One of the biggest challenges successful businesspeople face is coming up with their next bright idea.
Just when they’re basking in the glow of a major accomplishment, they hear a nagging voice in the back of their minds, saying, “You’re only as good as your last idea.”
That’s when it dawns on them – you can’t celebrate for too long. Customers are always going to ask, “What’s new? What have you done for me lately?”
This mindset is pervasive everywhere. Just when exhausted mountain climbers reach the top of a ridge, they see another one in front of them and feel the need to conquer it.
Just when a team spends all its energy to win a championship, media want to know how they’re planning to try to repeat next year.
When a rock band releases a long-anticipated album that uses every creative juice they possess, fans want to know when the next album is coming.
What does this mean for you as an entrepreneur? It means that regardless of how successful your most recent product, service, program or initiative was, you’ve got to come up with another one that is at least as good.
This is much easier said than done. You’ve got to put your tired brain back to work to come up with something creative. Something in your wheelhouse that you can be passionate about. And, of course, something that will appeal to your customers.
It’s natural to have a letdown after finally reaching the launch of a new product or service. Your mind can’t run on all cylinders constantly. Take a brief amount of time to celebrate the fruits of your labor, refresh and regroup.
But then get ready to jump back on that horse. What’s the best way to get your creative juices flowing again after they’ve been drained during your last push? Believe it or not, physical exercise might be the answer.
Now, exercise is something that sadly gets placed on the backburner by busy entrepreneurs. We might include it in our daily to-do lists, but it often gets pushed aside until everything else gets done. And then we’re too tired to exercise.
But exercise is something that should be a high priority in our lives. And if that means doing it before we do anything else, so be it. First thing in the morning might be the only way it can realistically happen in our daily lives.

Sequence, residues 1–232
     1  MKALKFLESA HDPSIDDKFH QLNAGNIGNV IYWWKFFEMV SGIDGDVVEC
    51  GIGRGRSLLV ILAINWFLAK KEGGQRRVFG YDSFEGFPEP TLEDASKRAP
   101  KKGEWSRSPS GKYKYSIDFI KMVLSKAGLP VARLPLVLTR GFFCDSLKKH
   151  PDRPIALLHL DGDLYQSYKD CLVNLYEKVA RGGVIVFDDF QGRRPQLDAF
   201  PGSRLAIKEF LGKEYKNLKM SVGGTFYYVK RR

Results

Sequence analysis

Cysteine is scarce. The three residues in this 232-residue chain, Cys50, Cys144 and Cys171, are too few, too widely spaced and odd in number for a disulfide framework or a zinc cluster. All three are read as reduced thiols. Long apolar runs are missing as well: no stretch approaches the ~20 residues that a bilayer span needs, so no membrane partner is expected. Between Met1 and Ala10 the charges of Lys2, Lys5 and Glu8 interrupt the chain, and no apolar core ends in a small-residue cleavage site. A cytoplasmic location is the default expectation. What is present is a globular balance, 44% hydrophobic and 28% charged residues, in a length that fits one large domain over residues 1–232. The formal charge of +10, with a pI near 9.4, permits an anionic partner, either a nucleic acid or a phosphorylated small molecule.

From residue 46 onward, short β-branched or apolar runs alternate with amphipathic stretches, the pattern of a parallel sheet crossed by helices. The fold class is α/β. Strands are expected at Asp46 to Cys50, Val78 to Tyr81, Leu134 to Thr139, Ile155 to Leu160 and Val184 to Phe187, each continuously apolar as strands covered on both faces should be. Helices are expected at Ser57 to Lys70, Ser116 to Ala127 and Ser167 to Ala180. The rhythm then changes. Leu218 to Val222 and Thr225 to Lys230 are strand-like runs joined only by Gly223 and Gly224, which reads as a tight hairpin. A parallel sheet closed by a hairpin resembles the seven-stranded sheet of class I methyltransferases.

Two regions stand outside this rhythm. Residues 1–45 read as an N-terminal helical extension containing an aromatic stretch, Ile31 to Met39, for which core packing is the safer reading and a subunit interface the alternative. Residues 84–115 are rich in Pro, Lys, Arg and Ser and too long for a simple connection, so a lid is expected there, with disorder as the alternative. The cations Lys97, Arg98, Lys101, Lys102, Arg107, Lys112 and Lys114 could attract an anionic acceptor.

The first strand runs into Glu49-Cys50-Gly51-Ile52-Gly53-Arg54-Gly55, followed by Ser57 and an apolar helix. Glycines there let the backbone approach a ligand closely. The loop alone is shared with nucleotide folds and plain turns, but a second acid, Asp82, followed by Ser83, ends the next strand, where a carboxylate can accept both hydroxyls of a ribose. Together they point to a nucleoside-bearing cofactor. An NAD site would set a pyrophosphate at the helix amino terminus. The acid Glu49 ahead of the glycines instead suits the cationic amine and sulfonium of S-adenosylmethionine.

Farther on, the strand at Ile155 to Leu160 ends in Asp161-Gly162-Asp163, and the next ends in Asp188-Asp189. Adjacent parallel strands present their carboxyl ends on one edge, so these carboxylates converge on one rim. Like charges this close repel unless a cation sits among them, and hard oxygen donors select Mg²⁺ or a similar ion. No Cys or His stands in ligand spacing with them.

Exercise is a great stress reliever. You probably built up plenty of stress while working on your last project. And now you might be feeling the stress of coming up with another winner.
Physical exercise will go a long way toward decreasing your cortisol and adrenaline levels. Those are your primary stress hormones that need to be kept in check. In addition, exercise produces endorphins, which lift your state of mind and decrease depression.
Logic might tell us that exercise depletes our energy levels. But the opposite is true. It actually increases circulation and provides more endurance to deal with the day’s physical and mental activities.
And it’s not just about being more awake. Exercise has also been shown to improve cognitive health. Mainly because it battles brain inflammation and promotes the growth of fresh neurons.
What type of exercise should you do? That will be determined by your age, physical condition and willingness to get the most out of it. But after your warm-up, aerobic activity is important.
This can take the form of a brisk walk, running, biking, tennis or swimming. Add strength training to the mix a couple of times per week. This weight-bearing activity could be lifting or stair climbing or pull-ups.
And before you shower, don’t forget to spend time stretching. Warm muscles stretch more easily than cold muscles. From your neck down to your toes, stretch those muscles. It will reduce the chance of injury, decrease soreness and allow you to do even more next time.
If you are frustrated by a creative slump and you’re not exercising regularly, give it a shot. You might be surprised at how much your brain benefits when your body does the heavy lifting.
Allen Baler is a leading entrepreneur and Harvard grad. Allen Baler is a Partner in 4Patriots LLC, based in Nashville, TN.
Disclaimer: This blog post is not a substitute for the sound advice of a professional with expertise in the subject matter discussed. Please seek appropriate counsel on what strategies make sense for your personal circumstances and/or your business.